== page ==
A gunman killed 50 people and wounded 53 at a crowded gay nightclub in Orlando early Sunday in the deadliest mass shooting in American history. Here is what authorities know about how the attack developed so far:
Before 2 a.m.: Omar Mateen, a resident of Fort Pierce, Florida, a city about 120 miles from Orlando, parked his van outside Pulse, a gay nightclub. He called 911 shortly before the attack and swore allegiance to the Islamic State.
2:02 a.m.: Mateen entered the club armed with an AR-15-type assault weapon, a handgun and many rounds of ammunition, and opened fire, said John Mina, the Orlando police chief. The gunman was outside the club at some point after the initial shots were fired, the chief said, then returned inside, and "this did turn into a hostage situation."
Police then marshaled forces, bringing in a SWAT team and an armored vehicle. At some point, Mina said, there was contact with the gunman inside. "There was some communication, but we are not going to release that right now," the chief said.
It is unknown, Mina said, whether the gunman was killing others inside the club as the authorities prepared cautiously for a confrontation. "Any time we have a hostage situation, we're definitely going to use extreme measures to make sure we have enough personnel on the scene," Mina said.
3 a.m.: A post on the club's Facebook page read, "Everyone get out of pulse and keep running." At some point, police heard from inside the building that at least 15 people were hiding in a restroom.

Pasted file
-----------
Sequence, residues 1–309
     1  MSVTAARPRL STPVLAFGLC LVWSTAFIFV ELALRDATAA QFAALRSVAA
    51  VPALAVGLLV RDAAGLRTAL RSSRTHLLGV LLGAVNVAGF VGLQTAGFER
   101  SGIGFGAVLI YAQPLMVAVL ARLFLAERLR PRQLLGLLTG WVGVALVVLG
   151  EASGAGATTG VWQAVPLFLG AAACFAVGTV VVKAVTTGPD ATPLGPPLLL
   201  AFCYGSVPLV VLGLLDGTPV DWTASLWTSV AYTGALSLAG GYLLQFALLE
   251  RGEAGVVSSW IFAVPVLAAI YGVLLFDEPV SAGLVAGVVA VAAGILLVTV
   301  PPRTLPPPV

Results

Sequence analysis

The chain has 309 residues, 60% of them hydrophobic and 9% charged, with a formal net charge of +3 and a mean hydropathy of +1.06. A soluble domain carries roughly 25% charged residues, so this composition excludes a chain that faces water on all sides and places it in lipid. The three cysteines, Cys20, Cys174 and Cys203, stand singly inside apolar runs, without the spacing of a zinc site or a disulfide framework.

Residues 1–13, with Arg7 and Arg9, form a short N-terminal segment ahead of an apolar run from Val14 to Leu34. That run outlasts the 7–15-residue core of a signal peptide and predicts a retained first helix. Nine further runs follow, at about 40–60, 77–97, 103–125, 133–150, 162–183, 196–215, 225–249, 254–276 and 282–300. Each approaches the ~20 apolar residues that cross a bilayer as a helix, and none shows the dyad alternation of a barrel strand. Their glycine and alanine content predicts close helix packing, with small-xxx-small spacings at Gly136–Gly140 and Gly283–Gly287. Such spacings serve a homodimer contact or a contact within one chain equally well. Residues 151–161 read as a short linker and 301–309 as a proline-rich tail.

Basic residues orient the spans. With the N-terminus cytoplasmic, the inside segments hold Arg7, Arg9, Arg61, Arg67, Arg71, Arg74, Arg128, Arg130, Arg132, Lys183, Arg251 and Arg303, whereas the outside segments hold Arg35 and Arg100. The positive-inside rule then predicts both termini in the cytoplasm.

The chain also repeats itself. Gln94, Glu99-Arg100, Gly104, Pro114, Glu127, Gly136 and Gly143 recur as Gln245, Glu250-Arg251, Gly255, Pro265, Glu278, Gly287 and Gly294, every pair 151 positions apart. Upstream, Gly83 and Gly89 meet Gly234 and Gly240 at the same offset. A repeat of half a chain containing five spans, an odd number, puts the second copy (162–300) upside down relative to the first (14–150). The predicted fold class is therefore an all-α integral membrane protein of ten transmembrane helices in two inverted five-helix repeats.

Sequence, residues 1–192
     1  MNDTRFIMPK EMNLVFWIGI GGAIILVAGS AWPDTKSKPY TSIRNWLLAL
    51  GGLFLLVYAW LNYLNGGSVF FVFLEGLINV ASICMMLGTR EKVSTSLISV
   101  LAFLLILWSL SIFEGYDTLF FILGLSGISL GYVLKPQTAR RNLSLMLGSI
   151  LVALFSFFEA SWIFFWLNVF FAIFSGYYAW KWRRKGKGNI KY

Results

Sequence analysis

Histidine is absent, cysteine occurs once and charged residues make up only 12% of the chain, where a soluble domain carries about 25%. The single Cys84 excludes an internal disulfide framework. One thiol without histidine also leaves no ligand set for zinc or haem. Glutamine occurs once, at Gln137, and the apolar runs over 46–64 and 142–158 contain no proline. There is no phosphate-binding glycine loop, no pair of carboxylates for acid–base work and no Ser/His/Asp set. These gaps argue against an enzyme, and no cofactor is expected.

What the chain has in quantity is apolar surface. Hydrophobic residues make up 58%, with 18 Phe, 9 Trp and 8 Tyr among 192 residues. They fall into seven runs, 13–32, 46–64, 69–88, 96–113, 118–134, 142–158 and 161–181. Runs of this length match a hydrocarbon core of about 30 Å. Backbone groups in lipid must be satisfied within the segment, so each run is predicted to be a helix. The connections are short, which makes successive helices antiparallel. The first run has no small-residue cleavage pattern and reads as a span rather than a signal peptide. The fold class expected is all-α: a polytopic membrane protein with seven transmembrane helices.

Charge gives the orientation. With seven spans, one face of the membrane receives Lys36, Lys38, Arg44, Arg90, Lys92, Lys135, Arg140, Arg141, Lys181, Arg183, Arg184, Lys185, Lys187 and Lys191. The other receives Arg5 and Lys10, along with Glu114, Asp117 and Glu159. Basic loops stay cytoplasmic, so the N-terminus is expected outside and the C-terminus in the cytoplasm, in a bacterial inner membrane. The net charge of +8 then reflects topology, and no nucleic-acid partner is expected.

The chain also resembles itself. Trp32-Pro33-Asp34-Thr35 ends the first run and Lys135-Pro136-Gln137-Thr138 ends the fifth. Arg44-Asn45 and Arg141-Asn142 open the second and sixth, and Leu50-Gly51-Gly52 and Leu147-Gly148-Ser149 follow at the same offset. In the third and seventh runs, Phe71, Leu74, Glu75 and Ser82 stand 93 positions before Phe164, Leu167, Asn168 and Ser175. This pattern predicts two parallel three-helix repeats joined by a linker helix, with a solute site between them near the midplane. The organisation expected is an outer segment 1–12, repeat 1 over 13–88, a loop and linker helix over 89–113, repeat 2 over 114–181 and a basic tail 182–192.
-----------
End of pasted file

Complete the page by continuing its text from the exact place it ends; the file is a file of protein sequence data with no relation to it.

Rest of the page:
5 a.m.: Police began an attempt to rescue the hostages. They detonated two explosives to distract the gunman. Eleven officers entered the club, and shots were again exchanged. Mateen was killed. One officer was shot in the head, but his Kevlar helmet saved him from serious injury, Mina said. At least 30 hostages were found alive.
The gunman was armed with an AR-15-type semi-automatic weapon and a handgun, Mina said.
The AR-15-type semi-automatic weapon is the same type of gun used in the mass shootings in Aurora, Colo.; Newtown, Conn.; and San Bernardino, Calif. Gun control advocates contend that semi-automatic weapons like the AR-15 are a logical choice for mass shootings because of their ability to rapidly fire multiple high-velocity rounds. Defenders of the firearm say it is misguided to blame a gun that is used by millions of owners across the country in a responsible manner. The weapon is legal to buy in most states, including Florida. In 1994, Congress passed an assault weapons ban that prohibited manufacturing AR-15 for civilian sale with large-capacity magazines, bayonets or pistol grips. The ban limited, but did not end, sales of AR-15s. The weapons ban expired in 2004.